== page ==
While the first singles sound like bonafide radio smashes, they are just a taste of what’s to come on Tinie’s debut album, Disc-Overy, set for release in May 2011. As well as highlighting the finer things in life that success can offer, Tinie details the lows of fame and fortune, as well as offering a candid insight into his childhood growing up in south London. “On every single song you’ll get a line that reveals what life was, and is, like for me. I recorded a lot of it after Pass Out went to No.1, so that gave me a chance to reflect on life before and after achieving success. When I’m in the studio, it’s just me in my tracksuit, a bottle of water and my thoughts. Going to No.1 gave me a chance to consider how far I’ve come, but also how far I intend to go.”
An incredibly confident debut, Disc-Overy certifies Tinie's absolute ability to achieve worldwide success. With Tinie already on the US radar thanks to remixes with Diddy and Snoop, Disc-Overy reasserts his global appeal by offering inventive production and a range of rhymes that are in turn frank and funny. The diverse and imaginative album features collaborations with Ellie Goulding and Kelly Rowland and production from Labrinth (Pass Out, Frisky), newcomer Ishi, Al Shux (Jay-Z’s Empire State Of Mind) and Naughty Boy (Chipmunk, Wiley), as well as renowned dance producers Swedish House Mafia. The song Simply Unstoppable underscores Tinie’s roots while Swedish House Mafia have created an undeniable dancefloor anthem in the form of Miami 2 Ibiza, and Naughty Boy delivers a deliciously brooding pop number Let Go, featuring Emile Sande. One of Tinie’s personal favourites, the laidback Snap talks about chronicling life photographically, including “My mom and dad’s wedding picture, which is my favourite photo in the world”, while Wonderman features Ellie Goulding and is produced by Labrinth. “I wanted this album to be really raw, not only in terms of the production but the guests. I was only interested in working with people I really respect and who I’m a fan of. I met Ellie very early on, we swapped numbers and after that we started living very parallel worlds; the same festivals, interviews and so on. It made total sense to have her on the album.”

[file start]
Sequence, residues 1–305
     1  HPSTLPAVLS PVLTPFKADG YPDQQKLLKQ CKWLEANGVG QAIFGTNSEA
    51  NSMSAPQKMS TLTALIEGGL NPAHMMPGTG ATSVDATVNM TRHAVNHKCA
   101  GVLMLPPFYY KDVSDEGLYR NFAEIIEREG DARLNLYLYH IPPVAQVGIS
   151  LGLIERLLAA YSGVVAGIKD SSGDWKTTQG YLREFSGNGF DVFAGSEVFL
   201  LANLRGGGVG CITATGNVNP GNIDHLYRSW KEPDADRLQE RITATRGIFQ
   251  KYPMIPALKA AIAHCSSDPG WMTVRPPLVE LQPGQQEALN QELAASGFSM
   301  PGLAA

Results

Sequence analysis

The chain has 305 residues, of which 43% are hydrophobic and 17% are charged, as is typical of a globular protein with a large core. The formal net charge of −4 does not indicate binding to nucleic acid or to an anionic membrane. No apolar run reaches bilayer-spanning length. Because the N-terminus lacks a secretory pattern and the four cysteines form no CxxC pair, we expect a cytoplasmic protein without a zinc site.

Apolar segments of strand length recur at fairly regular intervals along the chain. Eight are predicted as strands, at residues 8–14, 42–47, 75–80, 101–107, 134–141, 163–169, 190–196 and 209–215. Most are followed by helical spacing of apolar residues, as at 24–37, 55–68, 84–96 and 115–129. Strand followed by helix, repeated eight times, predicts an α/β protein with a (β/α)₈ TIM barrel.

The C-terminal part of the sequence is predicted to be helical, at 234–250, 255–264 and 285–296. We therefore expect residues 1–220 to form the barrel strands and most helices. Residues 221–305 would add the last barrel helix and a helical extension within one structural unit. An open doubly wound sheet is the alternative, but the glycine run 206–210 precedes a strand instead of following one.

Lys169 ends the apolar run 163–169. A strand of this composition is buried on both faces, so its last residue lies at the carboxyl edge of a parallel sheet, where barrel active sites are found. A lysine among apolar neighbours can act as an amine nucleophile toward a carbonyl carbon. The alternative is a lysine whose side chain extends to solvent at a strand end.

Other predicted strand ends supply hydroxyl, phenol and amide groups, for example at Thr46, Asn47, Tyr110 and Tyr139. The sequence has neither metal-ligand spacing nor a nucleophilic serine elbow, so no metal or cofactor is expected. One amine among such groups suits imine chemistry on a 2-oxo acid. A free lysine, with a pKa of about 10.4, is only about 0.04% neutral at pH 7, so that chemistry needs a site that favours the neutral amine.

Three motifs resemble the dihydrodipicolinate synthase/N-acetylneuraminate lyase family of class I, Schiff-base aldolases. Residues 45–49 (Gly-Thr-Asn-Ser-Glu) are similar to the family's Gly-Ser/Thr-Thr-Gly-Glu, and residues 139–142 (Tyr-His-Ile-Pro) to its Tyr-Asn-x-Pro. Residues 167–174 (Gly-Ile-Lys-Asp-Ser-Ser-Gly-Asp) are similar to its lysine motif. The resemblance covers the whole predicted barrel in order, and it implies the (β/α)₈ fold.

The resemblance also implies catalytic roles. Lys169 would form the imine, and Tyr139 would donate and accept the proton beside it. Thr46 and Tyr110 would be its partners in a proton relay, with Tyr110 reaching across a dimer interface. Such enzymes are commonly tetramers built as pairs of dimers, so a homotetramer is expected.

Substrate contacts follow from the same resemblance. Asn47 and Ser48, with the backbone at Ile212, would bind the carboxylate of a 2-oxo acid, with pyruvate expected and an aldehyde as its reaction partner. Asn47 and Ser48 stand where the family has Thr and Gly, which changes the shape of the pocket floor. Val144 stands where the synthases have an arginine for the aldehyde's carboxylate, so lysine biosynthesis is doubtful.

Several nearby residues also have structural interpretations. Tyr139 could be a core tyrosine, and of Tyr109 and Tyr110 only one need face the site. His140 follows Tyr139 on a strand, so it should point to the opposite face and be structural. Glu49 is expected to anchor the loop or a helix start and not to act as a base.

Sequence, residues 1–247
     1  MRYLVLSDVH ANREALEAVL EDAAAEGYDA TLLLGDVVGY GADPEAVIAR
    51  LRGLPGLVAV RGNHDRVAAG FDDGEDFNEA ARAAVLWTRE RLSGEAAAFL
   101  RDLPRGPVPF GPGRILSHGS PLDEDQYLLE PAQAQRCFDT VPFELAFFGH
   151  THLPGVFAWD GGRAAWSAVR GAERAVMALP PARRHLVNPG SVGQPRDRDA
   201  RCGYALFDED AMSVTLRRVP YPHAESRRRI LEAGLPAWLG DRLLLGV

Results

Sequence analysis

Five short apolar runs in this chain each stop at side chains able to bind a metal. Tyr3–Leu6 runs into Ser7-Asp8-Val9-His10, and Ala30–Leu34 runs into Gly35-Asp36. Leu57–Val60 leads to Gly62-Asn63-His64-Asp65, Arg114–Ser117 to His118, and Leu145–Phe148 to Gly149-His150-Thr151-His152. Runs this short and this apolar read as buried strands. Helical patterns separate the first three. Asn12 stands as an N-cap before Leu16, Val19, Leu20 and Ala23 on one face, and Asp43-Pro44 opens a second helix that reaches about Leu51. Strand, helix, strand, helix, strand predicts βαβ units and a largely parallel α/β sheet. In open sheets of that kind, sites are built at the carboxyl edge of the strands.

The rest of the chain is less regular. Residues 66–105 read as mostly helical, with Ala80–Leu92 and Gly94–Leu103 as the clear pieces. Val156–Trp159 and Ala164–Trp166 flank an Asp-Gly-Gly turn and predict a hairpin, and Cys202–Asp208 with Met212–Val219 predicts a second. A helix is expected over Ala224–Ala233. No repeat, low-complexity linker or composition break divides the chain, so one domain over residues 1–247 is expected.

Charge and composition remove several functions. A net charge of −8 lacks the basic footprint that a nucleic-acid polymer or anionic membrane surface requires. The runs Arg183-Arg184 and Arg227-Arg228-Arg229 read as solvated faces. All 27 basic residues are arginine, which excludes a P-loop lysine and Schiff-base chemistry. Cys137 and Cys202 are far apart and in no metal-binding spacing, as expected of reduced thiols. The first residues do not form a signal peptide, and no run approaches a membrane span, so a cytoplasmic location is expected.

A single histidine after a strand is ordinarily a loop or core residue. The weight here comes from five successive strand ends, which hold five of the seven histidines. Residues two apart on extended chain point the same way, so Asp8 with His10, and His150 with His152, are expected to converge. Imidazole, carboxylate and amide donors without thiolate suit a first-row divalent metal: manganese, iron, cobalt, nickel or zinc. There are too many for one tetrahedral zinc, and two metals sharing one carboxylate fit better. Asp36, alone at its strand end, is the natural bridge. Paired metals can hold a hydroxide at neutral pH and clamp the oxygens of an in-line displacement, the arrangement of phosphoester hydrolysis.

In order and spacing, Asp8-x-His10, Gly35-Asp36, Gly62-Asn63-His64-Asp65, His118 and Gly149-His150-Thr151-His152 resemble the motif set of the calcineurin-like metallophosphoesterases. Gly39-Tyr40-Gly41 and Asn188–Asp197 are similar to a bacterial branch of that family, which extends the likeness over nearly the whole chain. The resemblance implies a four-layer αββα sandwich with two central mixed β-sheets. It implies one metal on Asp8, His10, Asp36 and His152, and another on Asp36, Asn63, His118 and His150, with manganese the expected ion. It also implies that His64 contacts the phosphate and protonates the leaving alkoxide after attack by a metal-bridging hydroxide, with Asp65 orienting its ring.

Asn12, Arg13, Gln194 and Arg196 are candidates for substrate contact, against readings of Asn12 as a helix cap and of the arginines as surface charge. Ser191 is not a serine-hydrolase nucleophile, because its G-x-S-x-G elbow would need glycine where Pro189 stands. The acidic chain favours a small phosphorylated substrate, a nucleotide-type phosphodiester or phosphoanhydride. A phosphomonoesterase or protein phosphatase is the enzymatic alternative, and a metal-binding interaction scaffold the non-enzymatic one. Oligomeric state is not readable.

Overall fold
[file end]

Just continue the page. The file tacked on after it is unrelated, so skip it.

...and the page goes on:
He may be distinctive in his delivery and creative in his approach to the business of music, yet the charismatic rapper’s own background is much like an average kid anywhere in the world. “I’ve never tried to be anything than what I am. I was well brought up, I liked school, I liked learning, I’m well educated, I’m well spoken,” Tinie reflects. His mom and dad were keen to keep their kids away from trouble, moving the family from Peckham to Plumstead when Tinie was 11. It's thanks to his capital city upbringing that Tinie has been able to achieve all he has. "London is one of the only places in the world where you can live in a council block and see a beautiful semi-detached house across the street. Growing up around that was inspirational, it kept me motivated."
Yet, despite success on the underground, few would have predicted just how hugely successful he would become. Since signing, he has accomplished more than anyone might have imagined - yet for this driven young man, it’s clearly just the beginning of an already incredible career. With a long-term goal in mind, Tinie is far from a one-hit wonder. This pragmatic, prudent MC is mindful of the decisions he makes, and has big plans for himself.
“I really want people to get this album, I want them to listen to it as a whole and see that not all the tracks are chart-driven. I really wanted to give people some ‘Tinie Time’ for an hour,” he insists. “I want people to see this is not a joke to me; now I’m here and I’ve been given the opportunity, I’m not messing around. I’m looking to take my tour, the videos, the music, everything, completely beyond what you can fathom. It’s never just another day in the life of Tinie; I’ve got a lot to do and you can bet on the fact that I’ll do it.”